While electric vehicle sales have been steadily on the rise, a new study says that American owners are less than impressed with the state of public charging.
Data analytics company J.D. Power reported that 21% of EV drivers say they show up at a public charger that does not work, up from 14.5% two years ago. Brent Gruber, an executive director for J.D. Power, told USA Today that public charging is by far the least satisfying aspect of owning an electric vehicle.
So why all the charging problems? Due to theft, vandalism or years spent in the elements, chargers may have broken screens, plugs or cords or suffer connectivity issues. And with more auto companies entering the EV market, some encounter overall compatibility issues with the stations.
The latter may be remedied, however. In the past weeks, GM, Ford and Rivian announced deals to allow its vehicles to charge within Tesla’s Supercharger Network starting next year. Their vehicles will need an adapter initially — those manufacturers use the Combined Charging Standard, common in Europe, while Tesla uses the North American Charging Standard for its network, which a 2022 J.D. Power survey shows ranks highest in customer satisfaction.
While Teslas could utilize CCS chargers with an adapter (if, say, a Tesla station is nowhere in sight) , Tesla’s unique charging technology was previously only accessible to Teslas. In addition, Rivian, Ford and GM will build its EVs with the Tesla charging port by 2025.
Ken Tennyson, a senior director for the EV charging network Electrify America, says that there’s a learning curve in any burgeoning industry.
There’s a light at the end of the tunnel, though. “We’re rapidly transitioning over to hardware that has capitalized on everything we’ve learned over the last five-plus years,” he told USA Today. Several of the U.S.’s EV charging networks have announced plans to replaced outdated charges with more dependable equipment.
Message in a throttle: Racing with disabilities
Supercar track experiences have grown in popularity and availability over the last decade. Most large racetracks — in Las Vegas, for example — feature programs allowing enthusiasts to get behind the wheel and hit the gas, either in their own automobiles or in rented hot rods.
And now there’s work to make these experiences much more inclusive.
A growing number of people hard at work to make driving and even racing on a track accessible to those with vision or mobility impairments, including Dan Jones of Driving Experience in the U.K.
“Just because you have a physical disability or visual impairment, it does not mean experiences like this should be unavailable to you, and we want as many [people] as possible to be able to enjoy driving a supercar around a track,” he told the magazine.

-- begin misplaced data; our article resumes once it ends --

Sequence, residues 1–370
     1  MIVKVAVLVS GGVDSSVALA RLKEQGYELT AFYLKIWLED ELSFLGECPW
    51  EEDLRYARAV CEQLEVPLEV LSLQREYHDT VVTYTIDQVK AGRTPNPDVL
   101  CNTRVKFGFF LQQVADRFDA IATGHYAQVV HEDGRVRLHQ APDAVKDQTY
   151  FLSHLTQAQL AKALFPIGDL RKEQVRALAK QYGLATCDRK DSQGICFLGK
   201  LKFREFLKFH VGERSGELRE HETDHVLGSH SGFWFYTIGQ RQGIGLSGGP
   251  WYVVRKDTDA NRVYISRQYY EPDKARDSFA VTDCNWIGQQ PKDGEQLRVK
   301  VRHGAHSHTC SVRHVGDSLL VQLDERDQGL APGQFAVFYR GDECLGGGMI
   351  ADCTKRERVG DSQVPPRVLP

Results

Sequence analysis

AbleNet, a global provider of medical-grade assistive technology, has teamed with Jones to offer a number of high-performance adapted courses for those with limited arm and leg movement, as well as for those who are visually impaired or blind.
So how is the race car modified? A typical modification to the steering wheel involves the addition of a steering ball that allows a car to be maneuvered with just one hand, even with a limited grip. The wheel also allows those unable to operate traditional gas and brake pedals with hand controls.
In the U.S., the nonprofit Adaptive Driving Experience is putting the finishing touches on a program for military veterans.
“We have a race car derived from the NASCAR Car of Tomorrow chassis that Brian Keselowski raced in the Daytona 500,” director Danny Chrissanthis told Car and Driver. “It’s got a small-block Chevy that makes about 400 horsepower but features swivel chairs and adapted controls, as well as a second set of controls for the passenger.”
Check out this video featuring Aaron Morgan of Team BRIT, the British auto racing team composed of drivers with disabilities who complete against able-bodied drivers.
‘Band’ theft auto?
Talk about a U-turn. After lawmakers cited the AM band’s importance for emergency broadcasts, Ford reversed course on its decision to abandon AM radio and will include it in all 2024 Ford and Lincoln vehicles, Ford CEO Jim Farley announced last month.
The hubbub started in April when Ford told the Detroit Free Press that it was going to cease installing AM radios in new vehicles starting in 2024. The decision puzzled many since AM radio is often used by drivers to get live information on traffic, weather and emergencies.
Dumping AM isn’t a new idea. Tesla hasn’t offered AM for years, and BMV, Volvo and other European carmakers have dumped AM in their electrified cars.
Mike Ramsey, a Gartner analyst, says EV motors generate a lot of electromagnetic interference that affects the frequencies of AM radio and makes it difficult to get a clear signal. “It could be shielded, but given the diminishing listening habits to AM, the automakers haven’t chosen to do it,” he told The Detroit Free Press. “Most of the content there is available through other means, including podcast and internet streaming.”
“When the cell phone runs out, the internet gets cut off, or the television doesn’t work because of no electricity or power to your house, you can still turn on your AM radio,” Rep. Josh Gottheimer (D-N.J.), sponsor of the AM for Every Vehicle Act, said in a statement applauding Ford’s decision. Earlier this year, he wrote to the major EV companies urging them to reconsider their decision and to include AM as a stock feature.
More than 82 million people listen to AM radio monthly, according to a recent analysis by the radio network Westwood One. And as of now, along with Ford, Honda, Hyundai, Jaguar/Land Rover, Kia, Lucid, Mitsubishi, Nissan, Stellantis, Subaru, and Toyota still offer AM bands in their vehicles.